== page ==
Take Two: Other Big 12 teams to rise or fall

Over the past two days we’ve named one team that should be considered on the rise and one that could be prime for a fall. Charlie Strong’s Texas Longhorns could be the Big 12’s team with a bright future and Kansas State’s best days could be in the rearview mirror.

In today’s Take Two, Max Olson and Brandon Chatmon discuss other Big 12 programs that could be ready to rise or set up for a fall.

Brandon Chatmon: Texas is definitely one team on the rise but I think West Virginia is another team that falls into that category. Dana Holgorsen’s program finally has the depth and quality on its roster to compete on a weekly basis in the Big 12. As fellow 2012 entrant TCU has risen to the top of the conference standings, the Mountaineers are just 11-16 in their first 27 conference games. But WVU finally seems ready to make its mark on the Big 12 thanks to the ability to sell playing in the Big 12 on East Coast recruiting trails -- which is playing off -- and the familiarity of three years experience in the conference. All those elements should come together and start paying dividends in 2015.

Max Olson: I agree that West Virginia seems to be pointing in the right direction, and its efforts to boost the talent level by landing more talent from the state of Florida are about to start paying off. Holgorsen knows what he's doing, but can he put all the pieces together and make at least one good run at a Big 12 title in the next three years? I wouldn't rule it out if they can develop a difference-maker at quarterback and maintain some consistency on defense.

Brandon, where do you stand on Oklahoma State? The Cowboys didn't make this year's top 25 for the Future Power Rankings, but it hasn't been long since they won the Big 12. Do you think they can be a consistent top-25 team over the next few years? We know they have resources and are quality recruiters, but how safe is Mike Gundy in terms of a three-year window?

Chatmon: I think OSU is already there. Its 73.8 winning percentage in the past five years is No. 12 nationally ahead of Wisconsin, TCU, Baylor, USC, Texas A&M, Texas and others. Can the Cowboys take the next step and win a national title? Well, that’s easier said than done, but I think they can do it -- especially if Mason Rudolph matures and leads the young group of playmakers in Stillwater to greater heights. So, in a lot of respects, I can see why you would point to OSU as a team that could continue to rise.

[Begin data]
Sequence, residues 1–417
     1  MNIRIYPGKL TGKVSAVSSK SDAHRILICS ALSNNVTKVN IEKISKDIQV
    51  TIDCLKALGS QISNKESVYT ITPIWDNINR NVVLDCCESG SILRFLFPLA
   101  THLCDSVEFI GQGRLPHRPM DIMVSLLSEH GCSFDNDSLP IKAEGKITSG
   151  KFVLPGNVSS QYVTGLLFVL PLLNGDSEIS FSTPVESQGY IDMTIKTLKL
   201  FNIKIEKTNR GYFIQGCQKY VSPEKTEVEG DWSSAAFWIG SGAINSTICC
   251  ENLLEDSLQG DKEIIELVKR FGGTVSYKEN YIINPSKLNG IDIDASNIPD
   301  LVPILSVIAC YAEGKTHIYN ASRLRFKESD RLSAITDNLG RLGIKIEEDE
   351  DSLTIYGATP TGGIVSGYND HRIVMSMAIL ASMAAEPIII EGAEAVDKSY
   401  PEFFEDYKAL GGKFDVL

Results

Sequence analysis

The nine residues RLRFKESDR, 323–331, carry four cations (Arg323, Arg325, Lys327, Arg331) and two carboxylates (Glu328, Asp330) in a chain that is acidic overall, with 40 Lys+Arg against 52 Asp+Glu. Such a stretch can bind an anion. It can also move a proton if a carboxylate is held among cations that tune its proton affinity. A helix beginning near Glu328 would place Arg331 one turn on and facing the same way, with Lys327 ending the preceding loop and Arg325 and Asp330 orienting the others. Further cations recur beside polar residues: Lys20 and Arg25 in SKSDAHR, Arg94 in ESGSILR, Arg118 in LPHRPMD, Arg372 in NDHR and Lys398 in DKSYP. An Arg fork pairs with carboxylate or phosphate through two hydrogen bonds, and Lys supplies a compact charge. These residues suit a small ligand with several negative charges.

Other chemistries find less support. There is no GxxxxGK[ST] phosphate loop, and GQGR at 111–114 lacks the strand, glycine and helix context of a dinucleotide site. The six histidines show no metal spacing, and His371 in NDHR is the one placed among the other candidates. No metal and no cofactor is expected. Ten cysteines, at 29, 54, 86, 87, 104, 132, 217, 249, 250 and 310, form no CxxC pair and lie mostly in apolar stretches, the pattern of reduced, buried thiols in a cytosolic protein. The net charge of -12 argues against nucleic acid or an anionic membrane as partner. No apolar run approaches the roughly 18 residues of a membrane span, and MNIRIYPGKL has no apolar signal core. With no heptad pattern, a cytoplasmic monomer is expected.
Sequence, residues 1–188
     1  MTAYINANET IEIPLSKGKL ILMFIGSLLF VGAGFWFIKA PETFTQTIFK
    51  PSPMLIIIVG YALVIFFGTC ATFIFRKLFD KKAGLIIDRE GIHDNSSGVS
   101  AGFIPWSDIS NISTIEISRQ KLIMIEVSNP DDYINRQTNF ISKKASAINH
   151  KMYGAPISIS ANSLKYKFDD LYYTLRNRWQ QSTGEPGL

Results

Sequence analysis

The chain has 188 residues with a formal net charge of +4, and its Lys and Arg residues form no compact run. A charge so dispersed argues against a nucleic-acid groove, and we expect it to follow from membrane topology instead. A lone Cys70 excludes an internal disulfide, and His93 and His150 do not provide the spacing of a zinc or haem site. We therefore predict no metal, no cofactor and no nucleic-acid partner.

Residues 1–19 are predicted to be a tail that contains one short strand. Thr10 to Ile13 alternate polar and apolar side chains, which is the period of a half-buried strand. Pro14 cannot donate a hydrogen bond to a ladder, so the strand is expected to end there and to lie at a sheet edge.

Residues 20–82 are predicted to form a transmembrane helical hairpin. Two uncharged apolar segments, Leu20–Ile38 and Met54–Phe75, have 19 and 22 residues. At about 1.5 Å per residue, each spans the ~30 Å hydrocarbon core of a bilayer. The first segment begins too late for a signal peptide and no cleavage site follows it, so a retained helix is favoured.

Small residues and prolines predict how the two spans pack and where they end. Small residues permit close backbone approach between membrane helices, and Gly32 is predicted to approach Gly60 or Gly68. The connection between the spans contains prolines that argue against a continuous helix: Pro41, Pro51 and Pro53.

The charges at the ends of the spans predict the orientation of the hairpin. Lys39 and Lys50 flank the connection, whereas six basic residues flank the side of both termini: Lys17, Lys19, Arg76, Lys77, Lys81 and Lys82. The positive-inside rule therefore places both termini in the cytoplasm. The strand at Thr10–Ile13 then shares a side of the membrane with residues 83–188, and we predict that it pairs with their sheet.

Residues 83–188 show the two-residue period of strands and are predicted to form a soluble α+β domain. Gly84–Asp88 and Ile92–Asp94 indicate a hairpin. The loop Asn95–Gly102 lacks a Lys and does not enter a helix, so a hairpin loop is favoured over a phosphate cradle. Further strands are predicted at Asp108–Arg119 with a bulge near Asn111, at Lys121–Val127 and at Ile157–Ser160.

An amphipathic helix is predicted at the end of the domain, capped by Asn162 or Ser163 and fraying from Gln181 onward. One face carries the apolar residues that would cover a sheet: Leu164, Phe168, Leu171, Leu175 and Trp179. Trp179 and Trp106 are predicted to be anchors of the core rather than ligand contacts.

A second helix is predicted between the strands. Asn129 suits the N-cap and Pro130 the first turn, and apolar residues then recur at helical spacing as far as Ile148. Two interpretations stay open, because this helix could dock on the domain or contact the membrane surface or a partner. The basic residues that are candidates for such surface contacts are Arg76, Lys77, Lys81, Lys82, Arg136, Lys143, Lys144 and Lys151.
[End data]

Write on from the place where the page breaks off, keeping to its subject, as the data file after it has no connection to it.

Unfortunately for other teams in the conference, as some teams rise, others must fall. KSU has already been singled out as a squad that could slide but, crazy as it sounds, I’d have to add TCU to that list. Slide is probably too strong of a word, because I fully expect TCU to add to its Big 12 trophy case at some point but I don’t anticipate them competing for a national title year in and year out while cementing a spot atop the conference standings. I think they’re a program that you can slot in for 8-10 wins per season, but not double-digit wins every year. Am I crazy?

Olson: You're raising a question that I'm sure a lot of folks in the Big 12 are pondering this offseason: How long can TCU (and Baylor, for that matter) sustain this success? I think Frogs fans generally understand that there will be great years in the Big 12 and there will be good years. The likelihood of either Gary Patterson or Art Briles leaving the Big 12 in the next three years is so slim that I have a hard time seeing either taking any kind of a slide in the near future, but I get where you're coming from after TCU landed such a friendly ranking (12th) in the Future Power Rankings.

Speaking of those rankings, we have to mention that Oklahoma dropped from No. 7 to No. 17. Our panel of experts believe the Sooners are trending in the wrong direction. And if we're talking three-year windows, do you think Bob Stoops will still be running this program by 2018? That would be his 20th season at Oklahoma. I'm not saying a downfall is imminent, but I'm starting to wonder what the end game is for that tenure, especially if the Sooners are unable to reach the College Football Playoff in the next few years. Any reason for concern in Norman?

Chatmon: There is definitely reason for concern, but there’s also reason to believe things aren’t nearly as bad as they might seem. The Sooners' Sugar Bowl win is proof that Stoops’ program can still compete at a high level, and nobody has won more Big 12 games than Oklahoma in the past three seasons. The problem has been an inability to avoid the letdowns and silly mistakes that separate champions from good teams. Thus, I can see why our experts see them trending down.

Honestly I think your question will be answered this fall. A lot is riding on the 2015 season, and the hires made by Stoops during the offseason need to pan out. Lincoln Riley needs to kick-start the offense and Kerry Cooks needs to shore up the secondary. Most importantly, Oklahoma needs to compete in every game, not get run off the field like it did against Clemson in the Russell Athletic Bowl or Baylor at home in 2014. This time next year we all could be saying Oklahoma is back or be wondering if Big 12 parity has permanently surrounded the Sooners' program and made its dominance a thing of the past.